Browsing Tag

Leadership Parenting

Bless Your Heart by Cindy Colley

Sister to Sister: Oh Shepherd, Where Art Thou?

Headed-to-the-OfficeWhere? Where were the brave men in the church in Memphis, Tennessee who should have stood up and said, “We cannot bypass the expressed Will of God in First Timothy 2 by sanctioning the leadership of women in prayer and song in our worship? We simply cannot allow this to happen.”

Where were elders in Franklin, Tennessee during the years of digression that culminated in the hiring of the first woman pulpit intern at that church? Were there some who fought, at least for a time?

Where are elders in churches where groups of worshippers are clamoring for change; advocating the use of instruments in worship, the taking of communion on various days of the week, and  special religious observances on Easter and Christmas? Where are the shepherds?

Where are the bishops today when young couples are finding their way to divorce courts, young singles among us are openly living in fornication, and millennials are falling away in percentages that are taking our breath away? Are they going after them?

Some are. But in far too many churches, shepherds are not keeping the vigil. False teachers are allowed to bring heresy in and leaders allow Christians to scratch their heads and observe “Well, this is different than anything I’ve heard,” without coming before the people and refuting plain contradictions of the Word. So often, they fail to mark those who are causing division and, thus, churches divide and the Cause of Jesus suffers as communities see brethren who are splintering churches.

But, Cindy Colley, are you just ranting? This is a women’s blog and the sisters to whom you write cannot lead churches (except those churches you’re taking about which digress)!

There is something you can do. I would LOVE, through this blog to make a difference in the future of a congregation. What if we could do it through a book? I think we can. I want to encourage you to take a copy of “Headed to the Office” to your elders and respectfully ask them to let your boys take a quarter and study how to become faithful elders. What if you wrote your elders a note that  simply asked them to consider it?…

Dear Brothers,

Thanks for all the time spent in working to make our congregation pleasing to God. Thanks for protecting our souls. I hope you can take the time to look over this material. I’m praying for sound elders one day to take your places in shepherding this church. I think a quarter or two in a class of young men with this material could make a difference in getting there. Thanks for considering this! 

If your congregation is doing Lads to Leaders, your boys can enroll in the program through LADS. The material is here: But even if you’re not in the LADS program, this study is needed and may be the early intervention that gives your congregation the stamina to one day withstand the devil in a mighty way. I would encourage you to go order one copy…just one…to pass along to your elders. I’m convinced it’s a tiny investment that could keep congregations strong through what threatens to be an era of persecution.

Again, you can order from Lads to Leaders (not necessary to be a participating congregation) at the above link or, alternately, you can order from The Colley House at!/~/category/id=3290179&offset=0&sort=normal. Nine dollars. Not much to invest in strong shepherds for the next generation in your congregation.

PS. An added benefit that we have seen is that men grow when they teach this material to boys. Some classes even include dads and mentors and it puts the church on a fast track to having strong qualified elders. I’m praying about this tool today. I’m praying for strong churches when today’s teens take the reins. They have huge potential handed to them by God and by an environment of available resources. We should challenge them to put  this potential to work in the only institution on earth that commutes over to the timeless side.



Guest Writer: Reed Vega-Book Review

In an earlier post I recommended Glenn’s new book Headed to the Office. I cannot know if the fact that Glenn wrote this book is a factor in my judgment about the quality and timeliness of this book. I’m just not objective enough to know. But I do know that I hope our son will read it, study it, apply it and teach it. I know that I continue to visit congregations where I think this book could be a positive and needed catalyst for leadership development. Recently my husband gave a copy of this book to Reed Vega. Reed, the 13-year-old son of Matt and Jennifer Vega of Montgomery, AL, was kind enough to carefully read and review the book. I want to share his comments with you, because they are insightful. Most of all, I want to encourage those of you who are mothers to be sure your kids are into good books. What a great idea for family Bible time for parents to occasionally have kids read great materials for several consecutive nights before prayer time and then spend a couple of evenings reviewing the readings. Great and doctrinally sound books for Christian families can be found at, at, at, at and at (among many others). Here’s Reed’s take on the book Headed to the Office.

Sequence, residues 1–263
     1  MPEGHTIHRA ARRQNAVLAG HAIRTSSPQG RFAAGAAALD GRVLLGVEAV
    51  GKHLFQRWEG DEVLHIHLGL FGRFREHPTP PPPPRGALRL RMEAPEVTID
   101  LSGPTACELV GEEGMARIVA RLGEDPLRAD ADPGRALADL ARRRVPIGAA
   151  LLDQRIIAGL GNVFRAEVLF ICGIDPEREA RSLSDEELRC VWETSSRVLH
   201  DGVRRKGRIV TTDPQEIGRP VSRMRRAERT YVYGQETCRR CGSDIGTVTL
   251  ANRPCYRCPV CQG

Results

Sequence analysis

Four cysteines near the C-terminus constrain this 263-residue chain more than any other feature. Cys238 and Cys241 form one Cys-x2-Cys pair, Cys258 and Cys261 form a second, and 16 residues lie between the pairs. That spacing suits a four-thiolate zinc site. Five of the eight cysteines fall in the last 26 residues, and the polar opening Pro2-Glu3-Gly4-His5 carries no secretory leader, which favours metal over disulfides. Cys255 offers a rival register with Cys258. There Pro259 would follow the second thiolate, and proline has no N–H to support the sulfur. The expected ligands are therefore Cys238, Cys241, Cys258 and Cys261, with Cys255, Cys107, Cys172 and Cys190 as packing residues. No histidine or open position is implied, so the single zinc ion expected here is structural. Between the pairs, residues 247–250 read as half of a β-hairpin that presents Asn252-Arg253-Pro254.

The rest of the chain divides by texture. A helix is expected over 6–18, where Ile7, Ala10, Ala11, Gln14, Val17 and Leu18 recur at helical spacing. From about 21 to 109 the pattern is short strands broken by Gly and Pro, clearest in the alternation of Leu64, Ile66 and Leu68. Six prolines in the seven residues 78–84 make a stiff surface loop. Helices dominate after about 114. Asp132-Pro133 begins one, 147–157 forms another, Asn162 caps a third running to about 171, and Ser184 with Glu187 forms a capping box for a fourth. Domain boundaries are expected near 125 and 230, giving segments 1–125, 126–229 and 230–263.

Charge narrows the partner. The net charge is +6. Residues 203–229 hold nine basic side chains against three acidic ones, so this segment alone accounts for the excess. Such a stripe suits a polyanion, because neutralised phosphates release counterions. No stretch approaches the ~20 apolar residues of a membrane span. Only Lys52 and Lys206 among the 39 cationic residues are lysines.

by Reed Vega

I really enjoyed reading the book, Headed to the Office written by Glenn Colley. It takes an original approach to looking at the qualifications of an elder. I really encouraged me as a young man to develop these traits so I will be ready to lead God’s people in the future. Each chapter discusses one of the biblical traits of being a good elder in modern terms so that young people can easily understand them. In chapter one, He Wants to Be a Great Man, the book starts by asking the question, “How do you view yourself forty years from now?” This question prompted me to think about how I want to spend the rest of my life. It reminded me how much I want to live a life in service to God. It helped me to realize that there is no higher calling than to shepherd God’s flock. Chapter two talks about how elders keep a clear conscience in all they do in order to be blameless. This is something that has always bothered me about elders. My grandfather served as an elder for over thirty years. I have admired him and other elders for their service but they almost seemed too perfect to me. How could I ever be as good as them? However this book has shown me a new way to look at elders. It explains what being “blameless” really means. Even though they are good men and should be admired, they still have flaws. They have to work hard at living in such a way that they do not have to worry about someone accusing them of doing something wrong. I realized that my struggles with living a honest Christian life are helping to prepare me to be just like them someday. Chapters four, five, and six cover some of the most important topics in the book. If elders are to lead our church then they must be wise, of good behavior and they must have time for people other than themselves. I especially liked the book’s discussion of wisdom which was defined as: “The ability to see how a particular course of action will ultimately turn out.” This definition is a very good one. It makes clear that a wise elder can see what will help himself and the congregation grow spiritually and what will not. Chapter seven deals with how an elder must have a working knowledge of God’s Word. The book gives great ideas on how to gain bible knowledge. It suggests reading small books like Philippians that you can read at least one or two times through in a single sitting. It emphasizes keeping notes and using commentaries and dictionaries to answer any questions that come to mind. Chapter eight talks about how important it is for an elder avoid alcohol. One of the key verses given is Proverbs 20:1which says, “Wine is a mocker, Strong drink is a brawler, and whoever is led astray by it is not wise.” The verse really illustrates how the requirement to not be given to wine goes hand in hand with the wisdom trait. When you drink alcohol and become drunk you become exactly the opposite of wisdom, you become a fool. Chapters nine and ten deals with the practical importance of an elder being able to control his temper and being honest in all his business dealings. The book says, “That you’ve got to remember that an uncontrolled temper hurts children and ruins marriage. I’ve never thought that any member of my family should be allowed to kick things or slam doors when angry, and that includes me.” The book says plainly that an elder cannot have a bad temper if he is to deal with problems rationally. The book also points out that dishonest business practices are not only evil but take away from giving to God. Chapter 11 talks about patience. The book points out the importance of the trait in many ways. One verse that is given is Titus 3:1-2 which says we are ”to be peaceable, gentle, showing humility to all men.” This is a problem that I struggle with sometimes. I get a little annoyed whenever someone is talking to me that gets on my nerves. I lose patience with them and try to get away from them as quickly as possible. One point that was made in the book was that if an elder does not have patience he cannot deal with matters that take a lot of time to fix. He will simply jump to a wrong conclusion, and cause even more grief for the whole congregation. Chapter 12 talks about how an elder must be the spiritual head of his family. I think it is true that an elder who cannot lead his own family probably will not be able to lead God’s church effectively. In addition, people in the congregation will not respect him or his decisions if he has failed as a husband and a father. Finally, Chapter 13 deals with the elder’s reputation. The book points out that we have to respect the elders but they also have a responsibility to earn that respect. They must protect their good reputation by avoiding bad language, not wearing clothes that convey bad behavior, etc. The book quotes Matthew 6:6 to emphasize that a person’s reputation should reflect his private devotion to God. I agree that a good reputation is important because if an elder has a bad reputation at work and then becomes an elder in the church he could give the church a bad reputation in the community. This was the first book I have ever read on the qualification of elders. I thought it was a good, thorough explanation of the traits of being an elder. It not only defined each trait well but it showed me the importance of developing those characteristics while I am young. I hope that one day I am ready to serve as an elder but this book will certainly help me be a better Christian no matter what my eventual role in the church.